Assume that the SOC falls below the lower threshold TH-1 during the period between times t3 and t4, the monitoring unit 7 detects this below-threshold condition at time t4 (step 105) and sets the DC-DC converter 3 in a run mode for charging the battery 2 (step 109). This charging operation continues until the calculated SOC value exceeds the higher threshold TH-2 (step 111). During the time the battery 2 is charged, the current detected by the current sensor 8 is integrated and an SOC value is calculated using the integrated current value (step 110). The SOC value estimated at time t4 is updated with the calculated SOC value at the end of the run mode. At time t5, the SOC is again estimated by the monitoring unit 7 at step 106 to renew the previous value.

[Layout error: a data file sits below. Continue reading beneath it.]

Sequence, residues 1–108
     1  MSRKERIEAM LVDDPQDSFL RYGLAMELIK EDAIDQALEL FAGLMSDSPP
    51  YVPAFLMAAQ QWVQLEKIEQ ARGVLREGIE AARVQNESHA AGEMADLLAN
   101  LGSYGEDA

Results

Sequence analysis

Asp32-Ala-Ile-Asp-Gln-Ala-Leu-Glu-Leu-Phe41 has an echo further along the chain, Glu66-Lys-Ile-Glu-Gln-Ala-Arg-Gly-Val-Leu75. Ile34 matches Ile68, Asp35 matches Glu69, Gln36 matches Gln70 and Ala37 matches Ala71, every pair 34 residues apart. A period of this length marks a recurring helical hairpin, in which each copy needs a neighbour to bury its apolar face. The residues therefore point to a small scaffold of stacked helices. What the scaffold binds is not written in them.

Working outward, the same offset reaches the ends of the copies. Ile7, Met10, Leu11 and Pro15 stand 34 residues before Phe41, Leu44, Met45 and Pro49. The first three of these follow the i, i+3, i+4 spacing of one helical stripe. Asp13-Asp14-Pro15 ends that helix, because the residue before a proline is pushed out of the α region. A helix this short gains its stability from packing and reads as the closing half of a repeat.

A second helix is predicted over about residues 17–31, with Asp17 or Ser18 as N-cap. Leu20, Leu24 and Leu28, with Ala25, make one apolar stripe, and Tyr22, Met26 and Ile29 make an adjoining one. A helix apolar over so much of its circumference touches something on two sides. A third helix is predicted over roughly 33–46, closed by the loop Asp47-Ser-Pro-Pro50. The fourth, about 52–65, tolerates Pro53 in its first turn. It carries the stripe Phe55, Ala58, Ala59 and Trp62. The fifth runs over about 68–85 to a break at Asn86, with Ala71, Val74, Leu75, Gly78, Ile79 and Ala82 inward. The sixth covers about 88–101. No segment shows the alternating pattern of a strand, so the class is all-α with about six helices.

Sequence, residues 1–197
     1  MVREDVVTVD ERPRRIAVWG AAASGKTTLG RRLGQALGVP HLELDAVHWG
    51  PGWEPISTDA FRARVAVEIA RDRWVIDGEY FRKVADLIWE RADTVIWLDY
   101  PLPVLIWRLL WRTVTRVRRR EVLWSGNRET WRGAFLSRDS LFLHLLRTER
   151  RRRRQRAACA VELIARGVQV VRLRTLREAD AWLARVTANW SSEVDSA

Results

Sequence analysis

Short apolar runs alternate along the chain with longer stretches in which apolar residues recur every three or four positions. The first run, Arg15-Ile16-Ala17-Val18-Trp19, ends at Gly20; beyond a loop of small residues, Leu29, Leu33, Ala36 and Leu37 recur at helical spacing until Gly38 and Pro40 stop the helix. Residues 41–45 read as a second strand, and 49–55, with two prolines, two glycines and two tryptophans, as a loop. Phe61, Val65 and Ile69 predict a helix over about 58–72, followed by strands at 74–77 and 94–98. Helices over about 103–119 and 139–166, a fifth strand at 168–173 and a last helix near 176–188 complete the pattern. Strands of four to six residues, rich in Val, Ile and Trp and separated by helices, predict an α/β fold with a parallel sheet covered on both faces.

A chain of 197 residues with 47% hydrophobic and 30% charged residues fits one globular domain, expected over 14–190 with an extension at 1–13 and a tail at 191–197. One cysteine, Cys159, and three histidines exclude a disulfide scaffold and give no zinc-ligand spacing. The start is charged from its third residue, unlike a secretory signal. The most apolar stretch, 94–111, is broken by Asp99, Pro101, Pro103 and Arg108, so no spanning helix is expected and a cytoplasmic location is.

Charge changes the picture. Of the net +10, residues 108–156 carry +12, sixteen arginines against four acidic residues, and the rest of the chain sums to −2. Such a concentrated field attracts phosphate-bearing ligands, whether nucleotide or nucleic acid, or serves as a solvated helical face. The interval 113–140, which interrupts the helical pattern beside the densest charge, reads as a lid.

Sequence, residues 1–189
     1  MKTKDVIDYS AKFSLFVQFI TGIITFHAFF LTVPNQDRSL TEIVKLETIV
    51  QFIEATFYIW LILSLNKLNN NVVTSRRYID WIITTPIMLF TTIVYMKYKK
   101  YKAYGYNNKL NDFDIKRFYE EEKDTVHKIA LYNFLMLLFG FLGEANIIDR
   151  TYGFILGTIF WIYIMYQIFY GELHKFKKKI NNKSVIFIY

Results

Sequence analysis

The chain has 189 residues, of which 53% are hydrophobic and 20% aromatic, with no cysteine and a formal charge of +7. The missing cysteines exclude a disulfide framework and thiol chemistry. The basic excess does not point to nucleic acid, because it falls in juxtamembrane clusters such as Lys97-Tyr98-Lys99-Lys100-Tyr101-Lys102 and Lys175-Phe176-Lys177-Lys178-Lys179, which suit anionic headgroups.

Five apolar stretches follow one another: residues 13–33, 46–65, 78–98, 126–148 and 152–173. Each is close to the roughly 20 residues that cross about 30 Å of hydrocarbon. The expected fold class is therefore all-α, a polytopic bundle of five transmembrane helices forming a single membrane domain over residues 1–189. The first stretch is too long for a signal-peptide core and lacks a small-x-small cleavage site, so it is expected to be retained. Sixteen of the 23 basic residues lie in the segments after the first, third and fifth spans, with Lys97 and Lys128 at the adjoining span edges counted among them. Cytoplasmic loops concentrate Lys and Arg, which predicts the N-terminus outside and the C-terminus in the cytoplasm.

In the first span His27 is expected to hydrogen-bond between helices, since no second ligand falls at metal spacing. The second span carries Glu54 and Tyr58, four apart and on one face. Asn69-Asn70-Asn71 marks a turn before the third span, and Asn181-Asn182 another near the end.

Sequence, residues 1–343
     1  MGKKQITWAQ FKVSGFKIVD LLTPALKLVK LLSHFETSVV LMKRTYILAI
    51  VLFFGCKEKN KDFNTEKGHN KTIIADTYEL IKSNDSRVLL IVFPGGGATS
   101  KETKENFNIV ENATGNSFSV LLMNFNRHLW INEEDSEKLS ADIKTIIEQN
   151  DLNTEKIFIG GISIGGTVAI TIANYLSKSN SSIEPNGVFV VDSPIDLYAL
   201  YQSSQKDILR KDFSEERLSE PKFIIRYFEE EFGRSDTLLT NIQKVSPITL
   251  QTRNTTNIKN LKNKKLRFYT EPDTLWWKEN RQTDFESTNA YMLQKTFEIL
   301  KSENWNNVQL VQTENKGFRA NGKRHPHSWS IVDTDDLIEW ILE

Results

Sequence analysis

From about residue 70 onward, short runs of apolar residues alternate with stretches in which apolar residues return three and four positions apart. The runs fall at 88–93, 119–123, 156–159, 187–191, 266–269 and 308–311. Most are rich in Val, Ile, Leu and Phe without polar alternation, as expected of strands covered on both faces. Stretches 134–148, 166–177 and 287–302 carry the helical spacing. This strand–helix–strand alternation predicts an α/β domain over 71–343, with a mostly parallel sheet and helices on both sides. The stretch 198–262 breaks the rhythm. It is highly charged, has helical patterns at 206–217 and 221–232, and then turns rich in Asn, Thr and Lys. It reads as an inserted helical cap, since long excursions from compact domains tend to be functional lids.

If a security system (not shown) of the vehicle is triggered by an intruder when the vehicle is parked, the load current will exceed a predetermined threshold level (step 108) at time t6. When this occurs, the monitoring unit 7 sets the DC-DC converter 3 in a run mode to charge the battery 2 (step 109). During this run mode, the monitoring unit 7 integrates the current of the battery 2 and calculates an SOC value (step 110) and updates the estimated SOC with the calculated SOC value at time t7 (step 113). In this manner, the state of charge of the battery 2 is monitored with precision, while keeping its dark current at a minimum. Battery 2 is charged to keep its state of charge (charge rate) from dropping to an unacceptable level with no mechanical to electrical power conversion.